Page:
Carriage Horse: A relatively light and elegant horse used for carriage driving.
Cart Horse: A coldblood draft horse.
Coach Horse: A powerfully built horse, capable of drawing a heavy coach.
Cob: A type of horse, rather than a breed, a cob is a horse of stocky appearance, well adapted to carrying heavyweight riders in all circumstances.
Combination Horse: One used for saddle and driving.
Daisy Clipper: Term describing a horse with a ground-hugging action.
Desert Horse: Term used to describe horses bred in dry, desert conditions, or horses descended from such horses.
Draft Horse: A term applied to any horse used for hauling vehicles or loads, but most often associated with the heavy breeds.
Equine: Of or pertaining to a horse.
Feral: A wild horse. Has escaped from domestication and become wild, as contrasted to one originating in the wild.
Five-Gaited: Horses shown at the walk, trot, and canter, as well as the "slow gait" and the "rack" are called five gaited.
Grade: Term used to describe a horse that is not registered with any breed association.
Gaited Horse: Horses, which move at paces other than the walk, trot, and canter - such as the Saddlebred, the Paso Fino, and the Icelandic.
Hack: Elegant riding horses, popular in the show ring in England. Or: "to hack" i.e. to go for a ride.
Harness Horse: A horse used in harness and having "harness" type of conformation, with straight shoulders etc., and having an elevated "harness action."
Heavy Horse: Any large draft horse, such as the Shire, the Clydesdale, or the Belgian Draft.
Heavyweight: A horse that is judged, by virtue of its bone and substance, capable of carrying weights of more than 196 lbs.
Hinny: Offspring of a male horse and a female donkey. See also Mule.
Horse: General term for an animal of the horse kind.
Hotblood: Term describing horses of Arabian or Thoroughbred blood.
Hunter: A type of horse suitable for being ridden to hounds. In the U.S., a well-mannered, smooth-gaited jumping horse shown in Hunter Under Saddle and Hunter Over Fences classes.
Hybrid: A cross between a horse and one of the other equids, such as an ass or a zebra.
Jack: Male donkey.
Jennet/Jenny: Female donkey.
Jumper: Type of horse suited to jumping and which competes in jumping classes.
Light Horse: Horse, other than a heavy horse or pony, which is suitable for riding or carriage work.
Mammoth Jack: Breed of donkey known for its large size and height.
Middleweight: A horse that is judged, by virtue of its bone and substance, capable of carrying weights up to 196 lbs.
Mountain and Moorland: Name given collectively to the native breeds of Britain.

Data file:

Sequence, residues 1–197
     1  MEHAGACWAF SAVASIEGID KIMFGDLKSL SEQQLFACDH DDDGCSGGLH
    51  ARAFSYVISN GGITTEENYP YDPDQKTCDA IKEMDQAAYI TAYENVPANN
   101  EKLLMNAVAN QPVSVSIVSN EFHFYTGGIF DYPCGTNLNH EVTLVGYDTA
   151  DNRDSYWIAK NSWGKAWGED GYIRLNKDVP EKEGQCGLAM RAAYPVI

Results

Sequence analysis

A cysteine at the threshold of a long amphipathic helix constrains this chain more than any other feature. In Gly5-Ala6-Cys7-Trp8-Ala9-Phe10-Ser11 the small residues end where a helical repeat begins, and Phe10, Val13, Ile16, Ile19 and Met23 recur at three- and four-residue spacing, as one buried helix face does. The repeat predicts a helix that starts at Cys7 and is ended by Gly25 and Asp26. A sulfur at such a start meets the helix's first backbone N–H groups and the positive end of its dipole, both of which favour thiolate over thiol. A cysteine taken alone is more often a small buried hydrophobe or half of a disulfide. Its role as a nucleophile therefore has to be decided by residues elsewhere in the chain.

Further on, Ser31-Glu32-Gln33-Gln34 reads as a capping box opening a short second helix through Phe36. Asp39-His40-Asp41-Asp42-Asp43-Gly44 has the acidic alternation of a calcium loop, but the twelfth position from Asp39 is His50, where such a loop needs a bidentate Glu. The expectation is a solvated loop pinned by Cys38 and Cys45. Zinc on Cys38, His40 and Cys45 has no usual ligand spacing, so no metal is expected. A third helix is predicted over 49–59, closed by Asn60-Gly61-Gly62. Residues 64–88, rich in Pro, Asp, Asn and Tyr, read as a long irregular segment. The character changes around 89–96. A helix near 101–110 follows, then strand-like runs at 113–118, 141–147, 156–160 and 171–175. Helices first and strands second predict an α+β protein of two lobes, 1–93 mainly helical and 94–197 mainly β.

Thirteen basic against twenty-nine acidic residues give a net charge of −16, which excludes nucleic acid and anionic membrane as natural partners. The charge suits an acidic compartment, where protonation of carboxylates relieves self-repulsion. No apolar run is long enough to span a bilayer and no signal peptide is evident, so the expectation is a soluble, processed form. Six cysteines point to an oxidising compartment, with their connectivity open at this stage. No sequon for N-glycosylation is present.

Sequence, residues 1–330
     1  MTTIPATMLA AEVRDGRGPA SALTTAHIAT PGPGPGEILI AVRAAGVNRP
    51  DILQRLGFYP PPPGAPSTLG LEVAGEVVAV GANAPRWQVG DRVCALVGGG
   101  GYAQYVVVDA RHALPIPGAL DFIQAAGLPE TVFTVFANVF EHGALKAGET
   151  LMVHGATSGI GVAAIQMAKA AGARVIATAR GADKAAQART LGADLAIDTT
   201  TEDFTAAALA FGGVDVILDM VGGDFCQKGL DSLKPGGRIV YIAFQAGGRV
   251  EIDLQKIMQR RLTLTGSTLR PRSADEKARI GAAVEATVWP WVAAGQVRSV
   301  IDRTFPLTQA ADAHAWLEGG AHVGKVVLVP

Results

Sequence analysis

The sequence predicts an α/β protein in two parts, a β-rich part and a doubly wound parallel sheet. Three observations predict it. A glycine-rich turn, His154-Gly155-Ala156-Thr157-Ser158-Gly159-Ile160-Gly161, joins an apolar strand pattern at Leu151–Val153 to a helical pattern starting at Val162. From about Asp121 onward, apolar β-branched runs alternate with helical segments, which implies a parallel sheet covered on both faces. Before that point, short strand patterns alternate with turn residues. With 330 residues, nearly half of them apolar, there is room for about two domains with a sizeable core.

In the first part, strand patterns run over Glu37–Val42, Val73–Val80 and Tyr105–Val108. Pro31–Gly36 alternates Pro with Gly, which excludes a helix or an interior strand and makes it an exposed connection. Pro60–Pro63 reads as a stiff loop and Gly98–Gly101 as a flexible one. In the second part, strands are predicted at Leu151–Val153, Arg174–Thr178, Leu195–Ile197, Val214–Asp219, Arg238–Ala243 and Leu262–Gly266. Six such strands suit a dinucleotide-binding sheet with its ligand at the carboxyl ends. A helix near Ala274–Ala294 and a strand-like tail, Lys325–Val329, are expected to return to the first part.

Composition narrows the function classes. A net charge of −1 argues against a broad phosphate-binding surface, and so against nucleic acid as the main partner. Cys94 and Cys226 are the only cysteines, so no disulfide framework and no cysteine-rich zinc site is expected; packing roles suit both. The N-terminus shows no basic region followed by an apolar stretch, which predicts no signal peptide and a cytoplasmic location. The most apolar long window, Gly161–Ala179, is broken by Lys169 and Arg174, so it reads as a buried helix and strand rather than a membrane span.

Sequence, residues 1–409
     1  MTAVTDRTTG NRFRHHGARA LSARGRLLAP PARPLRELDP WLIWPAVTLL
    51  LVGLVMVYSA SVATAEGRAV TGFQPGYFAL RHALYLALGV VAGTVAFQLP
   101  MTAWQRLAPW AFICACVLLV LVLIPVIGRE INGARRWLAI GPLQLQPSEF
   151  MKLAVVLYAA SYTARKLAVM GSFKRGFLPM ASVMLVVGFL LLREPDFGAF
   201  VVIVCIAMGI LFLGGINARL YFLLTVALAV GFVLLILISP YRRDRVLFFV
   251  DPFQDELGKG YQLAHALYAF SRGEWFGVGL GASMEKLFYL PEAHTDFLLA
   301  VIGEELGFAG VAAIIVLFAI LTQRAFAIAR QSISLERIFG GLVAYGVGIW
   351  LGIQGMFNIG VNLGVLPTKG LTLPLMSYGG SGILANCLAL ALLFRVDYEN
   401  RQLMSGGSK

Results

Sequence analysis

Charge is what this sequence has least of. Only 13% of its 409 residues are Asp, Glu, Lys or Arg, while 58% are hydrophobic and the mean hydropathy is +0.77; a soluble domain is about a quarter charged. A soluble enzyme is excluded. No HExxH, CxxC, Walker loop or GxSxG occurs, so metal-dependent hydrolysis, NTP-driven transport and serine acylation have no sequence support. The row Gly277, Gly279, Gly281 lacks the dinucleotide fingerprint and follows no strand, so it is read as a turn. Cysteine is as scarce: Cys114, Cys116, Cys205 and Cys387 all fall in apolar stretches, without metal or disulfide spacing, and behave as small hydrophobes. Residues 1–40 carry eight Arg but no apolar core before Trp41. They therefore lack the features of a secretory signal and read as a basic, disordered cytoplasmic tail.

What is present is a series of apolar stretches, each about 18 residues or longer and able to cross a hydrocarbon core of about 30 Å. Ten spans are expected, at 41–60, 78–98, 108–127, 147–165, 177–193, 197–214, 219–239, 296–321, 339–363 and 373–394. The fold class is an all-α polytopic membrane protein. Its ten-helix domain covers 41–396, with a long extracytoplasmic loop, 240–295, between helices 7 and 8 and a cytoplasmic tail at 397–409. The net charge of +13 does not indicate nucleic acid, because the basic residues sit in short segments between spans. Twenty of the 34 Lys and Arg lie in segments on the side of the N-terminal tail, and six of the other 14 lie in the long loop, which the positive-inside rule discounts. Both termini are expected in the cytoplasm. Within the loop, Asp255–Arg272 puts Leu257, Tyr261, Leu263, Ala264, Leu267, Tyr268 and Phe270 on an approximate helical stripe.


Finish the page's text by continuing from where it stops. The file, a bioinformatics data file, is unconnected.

Mule: Offspring of a male donkey and a female horse. See also Hinny.
Mustang: Wild horse of the American West.
Pack Horse: Horse used to carry goods placed in packs on either side of its back.
Part-bred: Result of breeding a Thoroughbred with a horse of another breed, i.e. Welsh part-bred.
Pony: A small horse, standing 14.2 hands or less.
Primitive: A term used for the early sub-species of Equus caballus: the Asian Wild Horse, the Tarpan, the Forest Horse, and the Tundra Horse.
Quality: Fineness of texture; freedom from coarseness.
Racehorse: Horse bred for racing. Can be Thoroughbred, Quarter Horse, Arabian, or Standardbred.
Rangy: Used to describe a horse with size and scope of movement.
Riding Horse: Horse suitable for riding, with the conformation associated with comfortable riding action (as opposed to draft or carriage horses).
Rosin-back: A broad-backed horse used in the circus for trick riding acts.
Saddle Horse: A riding horse.
Stock Horse: Name given to horses that are used in ranch work, driving and cutting cattle, etc.
Stylish: Having a pleasing, graceful, alert, and general appearance.
Substance: A horse possessing quality build and musculature is said to "have substance." Weakly-built horses are said to "lack substance."
Three-gaited: A saddle horse trained to perform at the walk, trot, and canter.
Type: A horse that fulfills a certain purpose such as a cob, a hack, or a hunter, but is not necessarily of any particular breed.
Utility: The use to which a horse is designated.
Western Pleasure: A class that demonstrates the ability of a horse to perform willingly at a walk, jog, and lope in a pleasurable manner demonstrating responsiveness to the rider and free-flowing quality gaits.
Wheeler: The horse harnessed closest to the carriage, behind the leader.
Zebra: Member of the family Equus characterized by its striped coat pattern.
Zony: Hybrid cross between a zebra and a pony.
Zorse: Hybrid cross between a zebra and a horse.